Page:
– In Asia yesterday it became clear that the Chinese government is going to throw everything at the stock market to avoid a destabilising crash hurting the broader economy. After the PBOC cut over the weekend, there were reports local government pension funds will, for the first time, be able to invest in stocks. That could free $100 billion into the market. We also heard that the Asset Management Association is encouraging fund managers to “support” the market. Technically policy makers have picked a nice place to intervene and it reminds me of the HKMA buying stocks during the Asian crisis. It worked well then and it may work again now. Time will tell.
– On forex markets, after filling the gap from Monday morning’s fall the Euro came under pressure and this morning is 100 points or more below the level of this time yesterday. That suggests trade is extremely technical at the moment. That means we need to look to the Yen as the real indicator of what forex traders are thinking. To that end, for the second morning in a row USDJPY is holding firm in the mid 122.50 region. That doesn’t mean Greece is priced into markets. It just means that forex traders are waiting for the next shoe to drop. That will decide where Euro, Yen, the Aussie and other currency pairs head. On the Aussie specifically, we see that it’s back at 77 cents as it marks time ahead of the wave of data we are going to get today.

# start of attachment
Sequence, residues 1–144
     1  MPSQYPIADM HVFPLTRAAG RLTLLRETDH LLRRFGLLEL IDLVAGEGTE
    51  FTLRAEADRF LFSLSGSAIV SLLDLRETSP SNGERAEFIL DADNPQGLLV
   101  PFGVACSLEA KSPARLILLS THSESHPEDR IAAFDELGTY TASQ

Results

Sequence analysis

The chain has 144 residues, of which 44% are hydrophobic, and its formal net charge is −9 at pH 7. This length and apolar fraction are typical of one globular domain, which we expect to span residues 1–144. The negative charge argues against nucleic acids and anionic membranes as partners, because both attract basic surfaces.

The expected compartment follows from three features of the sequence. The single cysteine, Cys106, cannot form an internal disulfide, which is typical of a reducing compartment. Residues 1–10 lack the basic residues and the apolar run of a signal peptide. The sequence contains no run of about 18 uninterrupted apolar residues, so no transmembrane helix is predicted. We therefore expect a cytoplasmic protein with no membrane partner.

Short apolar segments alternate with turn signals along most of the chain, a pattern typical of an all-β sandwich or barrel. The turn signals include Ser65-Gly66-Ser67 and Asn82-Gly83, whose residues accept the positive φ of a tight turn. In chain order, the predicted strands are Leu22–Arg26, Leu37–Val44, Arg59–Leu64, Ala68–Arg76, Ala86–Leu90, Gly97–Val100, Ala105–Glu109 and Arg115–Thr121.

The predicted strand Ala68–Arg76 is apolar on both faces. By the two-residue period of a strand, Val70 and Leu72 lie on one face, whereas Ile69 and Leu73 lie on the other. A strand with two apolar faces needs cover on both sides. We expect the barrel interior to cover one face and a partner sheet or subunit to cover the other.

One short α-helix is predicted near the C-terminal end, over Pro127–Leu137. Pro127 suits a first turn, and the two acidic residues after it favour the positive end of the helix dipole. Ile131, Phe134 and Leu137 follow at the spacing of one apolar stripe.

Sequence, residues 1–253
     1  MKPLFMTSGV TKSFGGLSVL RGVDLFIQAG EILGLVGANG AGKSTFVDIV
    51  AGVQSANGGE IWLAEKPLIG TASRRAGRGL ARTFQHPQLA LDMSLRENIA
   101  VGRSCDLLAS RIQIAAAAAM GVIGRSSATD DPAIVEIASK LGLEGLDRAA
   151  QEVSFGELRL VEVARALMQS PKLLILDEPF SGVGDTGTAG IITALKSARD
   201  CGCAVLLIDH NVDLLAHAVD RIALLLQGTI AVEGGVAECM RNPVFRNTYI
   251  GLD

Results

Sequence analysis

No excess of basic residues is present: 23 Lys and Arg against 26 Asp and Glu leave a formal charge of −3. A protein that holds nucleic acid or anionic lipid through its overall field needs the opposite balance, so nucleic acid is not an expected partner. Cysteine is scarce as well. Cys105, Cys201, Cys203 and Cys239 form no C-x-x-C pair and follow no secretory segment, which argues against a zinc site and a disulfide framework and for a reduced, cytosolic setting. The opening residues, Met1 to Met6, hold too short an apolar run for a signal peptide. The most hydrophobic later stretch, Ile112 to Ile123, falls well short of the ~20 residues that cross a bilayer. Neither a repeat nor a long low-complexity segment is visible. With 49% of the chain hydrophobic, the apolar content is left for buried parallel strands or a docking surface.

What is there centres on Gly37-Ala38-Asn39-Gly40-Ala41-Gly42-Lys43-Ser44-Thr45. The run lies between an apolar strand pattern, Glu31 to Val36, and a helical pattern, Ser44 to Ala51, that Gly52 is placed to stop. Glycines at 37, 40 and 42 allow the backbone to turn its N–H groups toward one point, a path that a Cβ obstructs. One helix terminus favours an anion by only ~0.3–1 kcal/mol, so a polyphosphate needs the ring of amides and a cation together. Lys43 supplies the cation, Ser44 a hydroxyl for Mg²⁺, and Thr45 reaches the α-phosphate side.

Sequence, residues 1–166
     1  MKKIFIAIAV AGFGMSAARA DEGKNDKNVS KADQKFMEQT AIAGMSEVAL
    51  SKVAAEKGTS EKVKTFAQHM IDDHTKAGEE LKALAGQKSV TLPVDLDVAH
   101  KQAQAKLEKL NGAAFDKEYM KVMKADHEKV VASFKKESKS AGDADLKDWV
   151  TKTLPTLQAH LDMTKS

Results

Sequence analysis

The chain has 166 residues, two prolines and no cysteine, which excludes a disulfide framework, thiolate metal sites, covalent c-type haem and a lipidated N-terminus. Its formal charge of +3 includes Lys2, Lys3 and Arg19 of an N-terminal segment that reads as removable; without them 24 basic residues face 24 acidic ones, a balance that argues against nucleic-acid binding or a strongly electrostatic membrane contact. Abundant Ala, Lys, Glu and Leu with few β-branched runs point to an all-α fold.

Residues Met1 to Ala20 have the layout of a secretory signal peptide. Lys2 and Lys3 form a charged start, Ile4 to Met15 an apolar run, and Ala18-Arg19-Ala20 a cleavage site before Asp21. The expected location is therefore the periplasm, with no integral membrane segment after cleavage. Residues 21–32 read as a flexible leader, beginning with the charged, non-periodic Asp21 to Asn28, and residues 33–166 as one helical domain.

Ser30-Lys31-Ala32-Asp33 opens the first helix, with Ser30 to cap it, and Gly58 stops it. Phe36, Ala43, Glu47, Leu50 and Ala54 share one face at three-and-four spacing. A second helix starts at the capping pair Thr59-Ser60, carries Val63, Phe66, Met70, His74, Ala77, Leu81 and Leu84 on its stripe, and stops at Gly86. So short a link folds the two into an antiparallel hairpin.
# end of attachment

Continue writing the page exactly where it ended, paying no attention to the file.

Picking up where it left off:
– Bond markets remained fairly steady while on commodity markets iron ore is down again with Dalian dropping around 14 points yesterday. Gold still can’t take a trick, copper is fairly steady, and crude is tracking through its few dollar box at the moment.
– On the data front today it’s Markit manufacturing PMI day. We get releases from China, Japan, Europe and the Americas. We also get the Australian version from the AiGroup. Also out in Australia are building approvals. In the US tonight we get ADP and Challenger jobs series before non-farms tomorrow night. We also get the big daddy of PMI’s the US ISM.
And now from CMC Markets’ Ric Spooner is today’s Stock of the Day
Qantas disappointed by breaking below chart support on Monday. However, this was immediately followed by some pretty interesting price action yesterday when the stock finished up 4.6%.
From a chart point of view, yesterday’s candle represented a bullish engulfing pattern (a large candle that closes well above it’s open and which engulfs the previous candle). This rally came off the 50% retracement level and broke back above the old support. The key now might be to see if the rally can extend past yesterday’s high in the not too distant future.
Yesterday, Qantas released its operation report for the month of May. While domestic passenger numbers are weaker, the basic turnaround story looks intact. Total passenger numbers are up on the back of an increase in inbound international passengers courtesy of the weaker Aussie Dollar. Importantly, yields on the domestic business continue to improve as Qantas retreats from its capacity war with Virgin and continues to carve out costs.
Ric Spooner, chief market analyst, CMC Markets
You can follow Ric on Twitter @ricspooner_CMC